When you’re the Queen of England, scrutiny is a constant and steady force.

Mysterious under-skin hemorrhaging on Her Majesty’s hands have heightened doctors’ fears she is facing a deadly diagnosis, Radar has learned.

Queen Elizabeth shocked viewers in a photo released by the palace on Tuesday showing her shaking her bruised and blue hands with Britain’s new Prime Minister, Liz Truss.

Eagle-eyed royal watchers took to social media to question the cause of what appears to be a worrying health condition for theailing monarch.

While the Queen’s press secretary has not commented on her bruised hands, top doctors have raised the alarm on the real reason for the monarch’s supposed health concerns.

Twice during a span of three years, one tabloid, The National Enquirer, claimed the hemorrhages are a chilling clue that the 96-year-old is battling cancer and on the brink of death.

Longevity expert Dr. Gabriel Mirkin, a graduate of Harvard University and Baylor University College of Medicine, said bruising was a troubling sign.

“In an elderly woman like her, bruising that’s not the result of trauma points to the loss of clotting component and indicates a blood cancer, like leukemia or lymphoma,” he told the magazine.

With leukemia, the body produces large amounts of abnormal white blood cells — which fail to protect the body against infection.

“Leukemia kills because it leaves you defenseless against germs and cancer cells,” added Dr. Mirkin, who has not treated Her Majesty.

“It also causes your body to produce fewer red blood cells, which carry oxygen to the heart and brain — leaving you anemic. This can also cause clotting and heart failure.”

Treatment typically involves some combination of chemotherapy and radiation, along with targeted therapy.

Concern was first raised when the Queen hosted the Chief of the Defense Staff, General Sir Nick Carter at Windsor Castle in November last year, where she sported the strange hue.

Physician Dr. Jay Verma, from the Shakespeare Medical Centre, was quoted in Metro suggesting the Queen could be suffering from either “really cold hands” or Raynaud’s phenomenon.

“The purple is due to deoxygenated blood,” he said.

According to John Hopkins Medicine, Raynaud’s phenomenon causes decreased blood flow to the fingers in response to cold or stress.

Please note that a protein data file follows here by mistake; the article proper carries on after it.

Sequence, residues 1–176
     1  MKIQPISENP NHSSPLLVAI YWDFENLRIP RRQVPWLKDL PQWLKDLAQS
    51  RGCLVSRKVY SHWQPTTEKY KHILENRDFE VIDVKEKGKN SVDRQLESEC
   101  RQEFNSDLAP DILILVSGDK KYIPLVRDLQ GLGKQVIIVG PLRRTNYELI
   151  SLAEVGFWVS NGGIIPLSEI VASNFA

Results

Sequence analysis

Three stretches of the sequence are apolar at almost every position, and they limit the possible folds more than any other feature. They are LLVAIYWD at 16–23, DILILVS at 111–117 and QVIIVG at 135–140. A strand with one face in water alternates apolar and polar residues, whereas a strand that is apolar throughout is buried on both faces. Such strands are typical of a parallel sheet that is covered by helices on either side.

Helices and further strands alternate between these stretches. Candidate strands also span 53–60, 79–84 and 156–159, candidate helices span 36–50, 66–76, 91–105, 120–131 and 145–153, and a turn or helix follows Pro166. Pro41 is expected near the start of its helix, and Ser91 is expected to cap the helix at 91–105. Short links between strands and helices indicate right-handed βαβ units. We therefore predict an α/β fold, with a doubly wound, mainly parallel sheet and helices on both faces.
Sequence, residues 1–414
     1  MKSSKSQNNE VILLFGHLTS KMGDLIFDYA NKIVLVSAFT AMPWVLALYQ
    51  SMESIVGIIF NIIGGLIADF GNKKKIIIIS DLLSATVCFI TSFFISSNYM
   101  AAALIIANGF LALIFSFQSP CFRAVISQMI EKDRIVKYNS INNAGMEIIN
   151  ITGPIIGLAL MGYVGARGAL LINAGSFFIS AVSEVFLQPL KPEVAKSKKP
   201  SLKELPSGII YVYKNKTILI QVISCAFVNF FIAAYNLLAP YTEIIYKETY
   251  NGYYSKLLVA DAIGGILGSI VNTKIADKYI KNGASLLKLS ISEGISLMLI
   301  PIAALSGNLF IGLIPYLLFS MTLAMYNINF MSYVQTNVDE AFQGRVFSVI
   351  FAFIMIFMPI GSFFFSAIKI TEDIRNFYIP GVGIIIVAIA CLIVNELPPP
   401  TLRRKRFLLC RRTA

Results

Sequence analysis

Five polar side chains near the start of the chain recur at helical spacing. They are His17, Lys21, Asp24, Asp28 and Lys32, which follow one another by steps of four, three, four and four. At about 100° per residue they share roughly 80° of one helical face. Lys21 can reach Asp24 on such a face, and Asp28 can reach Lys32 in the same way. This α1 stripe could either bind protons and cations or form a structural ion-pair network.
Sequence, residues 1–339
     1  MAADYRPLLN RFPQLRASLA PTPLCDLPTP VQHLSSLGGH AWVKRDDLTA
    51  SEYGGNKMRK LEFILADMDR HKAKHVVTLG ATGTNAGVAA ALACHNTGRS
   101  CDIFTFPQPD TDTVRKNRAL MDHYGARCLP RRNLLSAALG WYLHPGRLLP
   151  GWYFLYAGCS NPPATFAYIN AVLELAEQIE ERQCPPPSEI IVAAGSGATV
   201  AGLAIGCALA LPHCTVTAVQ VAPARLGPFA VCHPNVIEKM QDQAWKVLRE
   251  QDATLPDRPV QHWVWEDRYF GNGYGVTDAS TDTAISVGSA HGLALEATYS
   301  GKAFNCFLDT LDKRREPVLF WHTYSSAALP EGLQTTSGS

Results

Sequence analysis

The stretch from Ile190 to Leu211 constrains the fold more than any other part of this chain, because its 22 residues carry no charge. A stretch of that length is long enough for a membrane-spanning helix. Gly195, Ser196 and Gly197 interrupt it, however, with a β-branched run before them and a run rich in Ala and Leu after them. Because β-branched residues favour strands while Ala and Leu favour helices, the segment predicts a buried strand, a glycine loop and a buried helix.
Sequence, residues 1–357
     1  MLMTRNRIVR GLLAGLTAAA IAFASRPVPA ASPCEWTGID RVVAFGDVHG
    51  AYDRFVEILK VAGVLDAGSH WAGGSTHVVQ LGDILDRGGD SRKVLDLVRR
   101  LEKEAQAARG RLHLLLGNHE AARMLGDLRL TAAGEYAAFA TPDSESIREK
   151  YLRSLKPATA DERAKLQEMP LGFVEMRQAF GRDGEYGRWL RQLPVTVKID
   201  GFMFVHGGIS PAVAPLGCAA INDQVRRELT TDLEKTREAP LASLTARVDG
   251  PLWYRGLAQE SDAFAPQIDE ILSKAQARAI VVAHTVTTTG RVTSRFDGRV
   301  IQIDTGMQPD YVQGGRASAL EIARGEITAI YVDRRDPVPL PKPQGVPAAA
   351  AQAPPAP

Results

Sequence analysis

The Queen has been forced to withdraw from several planned appearances in recent months due to “discomfort.”

In October of last year, she was spotted using a walking stick for the first time in 17 years.

In May, a Buckingham Palace statement revealed that the queen would “reluctantly” miss a royal engagement due to “mobility problems.”

The decision was made in “consultation with her doctors,” the palace said.

As RadarOnline.com previously reported, Britain’s Cabinet Office is prepared for Operation London Bridge — the codename given in the event of her death — and Operation Spring Tide, similarly named indicating Prince Charles’ accession to the throne.

Documents obtained by Politico show the intense level and specific types of actions required by all arms of the British state, including a massive security operation to manage travel chaos and large crowds.

They also state that the prime minister and her or his cabinet will meet the Queen’s coffin at St. Pancras station and that he who will become King, Charles, will begin his tour of the United Kingdom in the days leading up to his mother’s funeral.

In the hours after her death, a “call cascade” will ensue.

It will begin with the prime minister, followed by the cabinet secretary, Britain’s highest-ranking civil servant, and then the most senior ministers and officials.

The monarch will be buried exactly 10 days after her death.